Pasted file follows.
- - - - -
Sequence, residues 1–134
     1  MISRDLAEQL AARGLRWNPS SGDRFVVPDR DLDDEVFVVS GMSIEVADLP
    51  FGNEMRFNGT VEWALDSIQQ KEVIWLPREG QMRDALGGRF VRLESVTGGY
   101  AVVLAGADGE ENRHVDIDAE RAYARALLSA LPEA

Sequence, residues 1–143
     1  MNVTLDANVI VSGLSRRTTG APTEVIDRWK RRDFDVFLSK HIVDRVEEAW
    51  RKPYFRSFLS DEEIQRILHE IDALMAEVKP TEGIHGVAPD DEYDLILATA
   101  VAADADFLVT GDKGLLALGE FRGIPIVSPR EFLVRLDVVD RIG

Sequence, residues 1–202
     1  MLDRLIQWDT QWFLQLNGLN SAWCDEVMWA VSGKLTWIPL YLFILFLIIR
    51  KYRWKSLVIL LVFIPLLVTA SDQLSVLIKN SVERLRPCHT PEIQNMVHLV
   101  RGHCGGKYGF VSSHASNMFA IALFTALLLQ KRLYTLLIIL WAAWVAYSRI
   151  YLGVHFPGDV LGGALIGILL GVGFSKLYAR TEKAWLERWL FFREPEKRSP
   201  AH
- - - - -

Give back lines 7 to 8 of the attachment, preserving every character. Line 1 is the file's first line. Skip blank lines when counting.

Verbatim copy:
    51  RKPYFRSFLS DEEIQRILHE IDALMAEVKP TEGIHGVAPD DEYDLILATA
   101  VAADADFLVT GDKGLLALGE FRGIPIVSPR EFLVRLDVVD RIG